Foam Tames River of Gasoline After Break In Pipeline

Foam Tames River of Gasoline After Break In Pipeline

High expansion foam blankets gasoline in drainage channel. Los Angeles County foam generator truck is at left center—Los Angeles County F.D. photo.

DEKTAR

CLIFF

Use of high expansion foam by Los Angeles County fire fighters averted a potential disaster when a bulldozer broke an 8-inch pipeline, causing 30,000 gallons of gasoline to spew into a concrete drainage channel in a residential area near Los Angeles Harbor.

The gasoline was being pumped at 900 psi when the bulldozer struck the pipe last August 13. When pumping station metering devices showed the pressure drop, the line was shut down.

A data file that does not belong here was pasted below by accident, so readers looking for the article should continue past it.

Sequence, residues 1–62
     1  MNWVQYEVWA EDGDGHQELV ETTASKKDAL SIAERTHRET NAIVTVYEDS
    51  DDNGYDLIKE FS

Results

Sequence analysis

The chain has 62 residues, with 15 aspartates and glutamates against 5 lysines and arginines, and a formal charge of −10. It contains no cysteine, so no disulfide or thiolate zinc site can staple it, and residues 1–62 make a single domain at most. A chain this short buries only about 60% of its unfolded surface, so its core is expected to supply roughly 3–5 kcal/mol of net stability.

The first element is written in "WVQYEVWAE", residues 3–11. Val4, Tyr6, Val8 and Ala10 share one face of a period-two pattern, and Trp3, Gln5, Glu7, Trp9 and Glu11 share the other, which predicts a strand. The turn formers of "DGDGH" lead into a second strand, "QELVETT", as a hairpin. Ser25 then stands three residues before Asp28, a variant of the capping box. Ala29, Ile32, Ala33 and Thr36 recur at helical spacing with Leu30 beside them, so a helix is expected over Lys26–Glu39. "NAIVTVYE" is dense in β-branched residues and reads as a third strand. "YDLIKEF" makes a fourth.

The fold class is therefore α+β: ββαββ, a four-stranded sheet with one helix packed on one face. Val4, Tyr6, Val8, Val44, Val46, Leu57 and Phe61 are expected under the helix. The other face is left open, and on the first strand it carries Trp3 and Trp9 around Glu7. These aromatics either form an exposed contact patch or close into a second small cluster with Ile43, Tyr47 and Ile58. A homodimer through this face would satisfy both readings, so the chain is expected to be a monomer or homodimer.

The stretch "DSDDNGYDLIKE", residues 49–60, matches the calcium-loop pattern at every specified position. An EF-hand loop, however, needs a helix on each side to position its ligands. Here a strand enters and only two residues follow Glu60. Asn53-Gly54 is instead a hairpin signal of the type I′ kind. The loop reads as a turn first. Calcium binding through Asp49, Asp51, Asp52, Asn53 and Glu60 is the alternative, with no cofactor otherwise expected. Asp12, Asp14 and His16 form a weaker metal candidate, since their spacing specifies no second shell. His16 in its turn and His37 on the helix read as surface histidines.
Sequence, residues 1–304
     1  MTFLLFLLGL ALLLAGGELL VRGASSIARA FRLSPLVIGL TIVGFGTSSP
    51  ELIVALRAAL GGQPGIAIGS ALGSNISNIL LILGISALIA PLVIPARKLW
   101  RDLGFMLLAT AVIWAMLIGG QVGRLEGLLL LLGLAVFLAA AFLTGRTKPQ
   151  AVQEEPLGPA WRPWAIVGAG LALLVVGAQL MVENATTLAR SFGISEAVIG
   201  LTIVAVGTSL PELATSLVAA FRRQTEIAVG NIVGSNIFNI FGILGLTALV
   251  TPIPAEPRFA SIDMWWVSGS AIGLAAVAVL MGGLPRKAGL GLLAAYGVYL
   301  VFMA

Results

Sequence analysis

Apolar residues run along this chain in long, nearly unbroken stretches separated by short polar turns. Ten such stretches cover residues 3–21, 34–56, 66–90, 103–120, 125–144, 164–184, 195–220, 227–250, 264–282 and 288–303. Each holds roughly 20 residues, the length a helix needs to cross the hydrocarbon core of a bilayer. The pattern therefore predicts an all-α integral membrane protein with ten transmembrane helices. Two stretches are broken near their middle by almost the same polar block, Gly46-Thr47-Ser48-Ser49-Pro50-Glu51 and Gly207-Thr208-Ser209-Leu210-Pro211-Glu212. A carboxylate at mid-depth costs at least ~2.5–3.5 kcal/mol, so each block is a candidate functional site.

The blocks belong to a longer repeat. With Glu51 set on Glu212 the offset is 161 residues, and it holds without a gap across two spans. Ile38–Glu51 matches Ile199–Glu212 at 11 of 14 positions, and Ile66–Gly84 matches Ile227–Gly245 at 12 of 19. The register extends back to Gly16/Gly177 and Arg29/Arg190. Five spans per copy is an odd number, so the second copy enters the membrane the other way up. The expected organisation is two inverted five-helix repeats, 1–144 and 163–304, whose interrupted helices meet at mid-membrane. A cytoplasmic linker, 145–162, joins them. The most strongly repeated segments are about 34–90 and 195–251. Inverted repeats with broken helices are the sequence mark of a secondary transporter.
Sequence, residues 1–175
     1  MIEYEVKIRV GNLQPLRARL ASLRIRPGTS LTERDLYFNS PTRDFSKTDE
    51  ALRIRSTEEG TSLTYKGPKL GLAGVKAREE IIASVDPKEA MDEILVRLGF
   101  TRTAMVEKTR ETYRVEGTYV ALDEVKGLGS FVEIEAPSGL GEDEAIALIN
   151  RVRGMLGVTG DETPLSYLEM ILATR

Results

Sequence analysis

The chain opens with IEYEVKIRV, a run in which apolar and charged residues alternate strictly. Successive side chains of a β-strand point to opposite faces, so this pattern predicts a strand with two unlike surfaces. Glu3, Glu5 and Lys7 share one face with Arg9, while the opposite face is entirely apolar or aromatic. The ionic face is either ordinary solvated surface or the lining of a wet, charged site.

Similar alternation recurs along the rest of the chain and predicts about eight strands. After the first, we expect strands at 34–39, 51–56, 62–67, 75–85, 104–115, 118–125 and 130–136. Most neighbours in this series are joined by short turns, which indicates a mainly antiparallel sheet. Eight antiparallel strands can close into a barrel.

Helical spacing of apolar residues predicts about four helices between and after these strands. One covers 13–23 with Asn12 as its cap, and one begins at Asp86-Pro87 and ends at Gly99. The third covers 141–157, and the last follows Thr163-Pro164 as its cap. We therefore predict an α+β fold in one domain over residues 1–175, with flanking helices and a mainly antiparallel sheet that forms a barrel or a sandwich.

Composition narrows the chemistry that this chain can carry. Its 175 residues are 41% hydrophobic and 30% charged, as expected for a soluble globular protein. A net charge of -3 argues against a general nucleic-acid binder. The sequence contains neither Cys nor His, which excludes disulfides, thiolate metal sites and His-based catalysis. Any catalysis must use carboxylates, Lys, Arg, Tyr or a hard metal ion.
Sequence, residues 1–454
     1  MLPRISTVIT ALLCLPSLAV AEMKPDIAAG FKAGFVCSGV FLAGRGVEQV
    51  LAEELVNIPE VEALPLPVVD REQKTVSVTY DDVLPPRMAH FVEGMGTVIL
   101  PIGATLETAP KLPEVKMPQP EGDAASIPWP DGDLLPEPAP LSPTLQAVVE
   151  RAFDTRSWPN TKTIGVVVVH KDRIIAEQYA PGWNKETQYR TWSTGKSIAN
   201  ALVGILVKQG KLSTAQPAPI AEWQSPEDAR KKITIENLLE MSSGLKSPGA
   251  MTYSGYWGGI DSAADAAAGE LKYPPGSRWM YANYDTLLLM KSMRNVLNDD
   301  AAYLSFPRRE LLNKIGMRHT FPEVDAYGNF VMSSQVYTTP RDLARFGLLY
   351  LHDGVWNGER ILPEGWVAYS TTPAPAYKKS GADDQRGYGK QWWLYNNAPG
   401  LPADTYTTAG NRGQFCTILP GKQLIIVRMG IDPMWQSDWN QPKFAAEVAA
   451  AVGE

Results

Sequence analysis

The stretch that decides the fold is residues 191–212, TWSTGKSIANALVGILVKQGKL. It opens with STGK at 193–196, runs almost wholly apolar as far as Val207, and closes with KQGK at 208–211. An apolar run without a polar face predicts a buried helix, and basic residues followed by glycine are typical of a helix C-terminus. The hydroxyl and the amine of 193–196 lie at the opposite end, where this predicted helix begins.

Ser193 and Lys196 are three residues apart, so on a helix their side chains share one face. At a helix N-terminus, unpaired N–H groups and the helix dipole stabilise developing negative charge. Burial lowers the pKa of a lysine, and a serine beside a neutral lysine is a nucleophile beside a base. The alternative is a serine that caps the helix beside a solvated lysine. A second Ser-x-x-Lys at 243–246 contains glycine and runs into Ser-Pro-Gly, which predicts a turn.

Engines 36, 6 and 127, Truck 127, Foam 127, and Squad 36 responded on the first alarm. When first-in units arrived, only residual fuel was still flowing, thanks to the shutdown by the oil company, but gasoline was 6 to 8 inches deep in the 10-foot-wide channel.

The first-in company stopped a dump truck loaded with sand, cut a chain link fence along the channel, and had the driver dump his load. The sand was spread across the channel to dam the gasoline.

Chief Wray Nansel called for Foam 3 and Engines 95 and 245 and began operations to cover the fuel with high expansion foam. Sheriff’s units evacuated all homes along the channel and firemen quickly extinguished pilot lights. Nansel said he feared the wooden roofs on all 40 houses paralleling the channel all going at once.

The foam held off any fire and vacuum trucks were brought in to clear the channel of gasoline.

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